Hong Kong’s special status is hanging by a thread

Hong Kong has long occupied a peculiar place in the international economic order. It’s not an independent country, but can enter trade agreements with other states on its own. It sets its own taxes, and has its own currency. Though it’s part of China, tariffs and customs controls applied on Chinese goods don’t apply to Hong Kong.

But Hong Kong’s special status is now facing its most urgent crisis yet. Following Beijing’s announcement last week that it would bypass all of Hong Kong’s legislative procedures and unilaterally enact a sweeping national security law by fiat, countries are re-evaluating whether the city should continue enjoying its special trade privileges, or be treated as just another mainland Chinese city.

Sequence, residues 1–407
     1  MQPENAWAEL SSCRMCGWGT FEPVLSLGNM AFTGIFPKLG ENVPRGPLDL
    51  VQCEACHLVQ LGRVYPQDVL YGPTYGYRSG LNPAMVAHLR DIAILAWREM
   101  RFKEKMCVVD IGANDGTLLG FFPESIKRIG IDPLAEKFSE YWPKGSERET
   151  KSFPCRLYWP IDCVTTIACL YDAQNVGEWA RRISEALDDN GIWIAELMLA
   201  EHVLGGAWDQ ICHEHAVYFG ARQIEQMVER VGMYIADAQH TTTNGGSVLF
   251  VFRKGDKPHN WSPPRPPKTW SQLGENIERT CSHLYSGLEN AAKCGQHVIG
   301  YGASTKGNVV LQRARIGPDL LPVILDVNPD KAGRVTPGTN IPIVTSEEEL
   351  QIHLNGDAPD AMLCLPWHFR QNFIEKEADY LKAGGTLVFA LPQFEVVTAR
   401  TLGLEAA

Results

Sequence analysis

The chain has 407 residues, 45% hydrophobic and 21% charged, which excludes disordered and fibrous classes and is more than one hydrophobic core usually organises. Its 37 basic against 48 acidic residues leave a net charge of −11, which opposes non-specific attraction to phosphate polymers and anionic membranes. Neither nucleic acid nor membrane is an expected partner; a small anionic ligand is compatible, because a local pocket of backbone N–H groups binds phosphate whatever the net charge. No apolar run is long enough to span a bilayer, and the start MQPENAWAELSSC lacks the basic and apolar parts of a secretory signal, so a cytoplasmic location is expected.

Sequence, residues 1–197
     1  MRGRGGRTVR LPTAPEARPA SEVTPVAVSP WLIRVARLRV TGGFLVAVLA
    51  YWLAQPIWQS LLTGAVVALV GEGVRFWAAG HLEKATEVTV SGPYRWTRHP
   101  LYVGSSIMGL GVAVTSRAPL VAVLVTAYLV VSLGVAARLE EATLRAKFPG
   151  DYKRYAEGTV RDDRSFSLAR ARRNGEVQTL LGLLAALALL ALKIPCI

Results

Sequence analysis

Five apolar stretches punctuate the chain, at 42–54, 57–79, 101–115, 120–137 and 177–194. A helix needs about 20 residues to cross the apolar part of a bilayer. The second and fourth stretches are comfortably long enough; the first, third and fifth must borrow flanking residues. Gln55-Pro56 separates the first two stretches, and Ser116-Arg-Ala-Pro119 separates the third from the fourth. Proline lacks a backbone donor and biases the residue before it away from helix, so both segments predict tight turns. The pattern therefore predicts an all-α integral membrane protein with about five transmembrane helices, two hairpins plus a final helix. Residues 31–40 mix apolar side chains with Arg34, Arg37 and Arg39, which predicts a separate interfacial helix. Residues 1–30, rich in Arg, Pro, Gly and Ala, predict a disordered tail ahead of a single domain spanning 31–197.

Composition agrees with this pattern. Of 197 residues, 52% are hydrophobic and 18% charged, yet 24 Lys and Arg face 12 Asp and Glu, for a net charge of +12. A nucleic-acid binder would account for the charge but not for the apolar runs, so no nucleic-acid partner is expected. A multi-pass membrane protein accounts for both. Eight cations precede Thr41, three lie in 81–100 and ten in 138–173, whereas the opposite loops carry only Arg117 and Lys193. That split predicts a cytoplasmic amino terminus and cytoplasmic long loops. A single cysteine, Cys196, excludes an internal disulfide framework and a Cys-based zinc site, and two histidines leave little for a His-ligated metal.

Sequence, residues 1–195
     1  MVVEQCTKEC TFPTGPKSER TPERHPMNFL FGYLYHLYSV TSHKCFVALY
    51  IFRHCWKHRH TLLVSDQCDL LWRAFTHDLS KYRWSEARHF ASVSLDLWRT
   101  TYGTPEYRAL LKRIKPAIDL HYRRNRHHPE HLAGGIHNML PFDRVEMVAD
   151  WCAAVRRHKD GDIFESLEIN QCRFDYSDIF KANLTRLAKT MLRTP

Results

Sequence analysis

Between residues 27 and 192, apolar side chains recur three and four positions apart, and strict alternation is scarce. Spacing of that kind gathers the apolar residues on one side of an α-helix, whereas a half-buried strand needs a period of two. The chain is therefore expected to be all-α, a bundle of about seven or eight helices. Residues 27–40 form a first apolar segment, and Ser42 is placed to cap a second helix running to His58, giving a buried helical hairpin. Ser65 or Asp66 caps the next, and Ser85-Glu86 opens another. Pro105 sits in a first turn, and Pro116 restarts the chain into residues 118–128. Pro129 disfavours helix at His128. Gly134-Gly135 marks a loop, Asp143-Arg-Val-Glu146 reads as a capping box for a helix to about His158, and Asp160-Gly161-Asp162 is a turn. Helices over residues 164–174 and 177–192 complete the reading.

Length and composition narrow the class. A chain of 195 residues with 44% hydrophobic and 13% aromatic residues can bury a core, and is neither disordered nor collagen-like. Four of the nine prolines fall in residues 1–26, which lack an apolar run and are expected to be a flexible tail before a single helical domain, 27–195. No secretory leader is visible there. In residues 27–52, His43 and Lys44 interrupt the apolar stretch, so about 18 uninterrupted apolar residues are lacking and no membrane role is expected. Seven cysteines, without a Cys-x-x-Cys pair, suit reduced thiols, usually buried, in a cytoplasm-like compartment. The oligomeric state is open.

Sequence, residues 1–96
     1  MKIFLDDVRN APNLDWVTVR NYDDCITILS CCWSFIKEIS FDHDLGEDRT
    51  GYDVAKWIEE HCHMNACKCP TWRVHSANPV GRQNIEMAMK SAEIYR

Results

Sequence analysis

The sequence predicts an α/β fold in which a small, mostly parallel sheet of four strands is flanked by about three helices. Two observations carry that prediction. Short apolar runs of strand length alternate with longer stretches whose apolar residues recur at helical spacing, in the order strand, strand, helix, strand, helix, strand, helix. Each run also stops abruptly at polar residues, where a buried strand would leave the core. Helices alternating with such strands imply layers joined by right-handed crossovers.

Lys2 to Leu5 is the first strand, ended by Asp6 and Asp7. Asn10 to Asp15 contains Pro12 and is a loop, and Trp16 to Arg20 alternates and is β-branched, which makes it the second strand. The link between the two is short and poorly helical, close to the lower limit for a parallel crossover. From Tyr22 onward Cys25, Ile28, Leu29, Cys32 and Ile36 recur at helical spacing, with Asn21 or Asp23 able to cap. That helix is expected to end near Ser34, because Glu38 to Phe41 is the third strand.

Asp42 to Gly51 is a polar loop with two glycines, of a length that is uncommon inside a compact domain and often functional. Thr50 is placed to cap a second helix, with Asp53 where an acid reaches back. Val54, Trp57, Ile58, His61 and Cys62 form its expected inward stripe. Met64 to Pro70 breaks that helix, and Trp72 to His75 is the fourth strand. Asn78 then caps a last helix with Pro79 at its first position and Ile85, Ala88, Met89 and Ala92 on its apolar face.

In a statement yesterday, US secretary of state Mike Pompeo declared that Hong Kong can no longer be deemed to have a high degree of autonomy from China.  This designation underpins US-Hong Kong relations, as Washington has legislated that the city must remain “sufficiently autonomous” to justify special treatment from the US.  On Tuesday (May 26), president Donald Trump said he would announce a strong response to Beijing’s actions over Hong Kong this week, adding that it’s “hard to see how Hong Kong can remain a financial hub if China takes over.” US senators have already introduced a bill that would impose sanctions on Chinese officials and firms who violate freedoms in Hong Kong.

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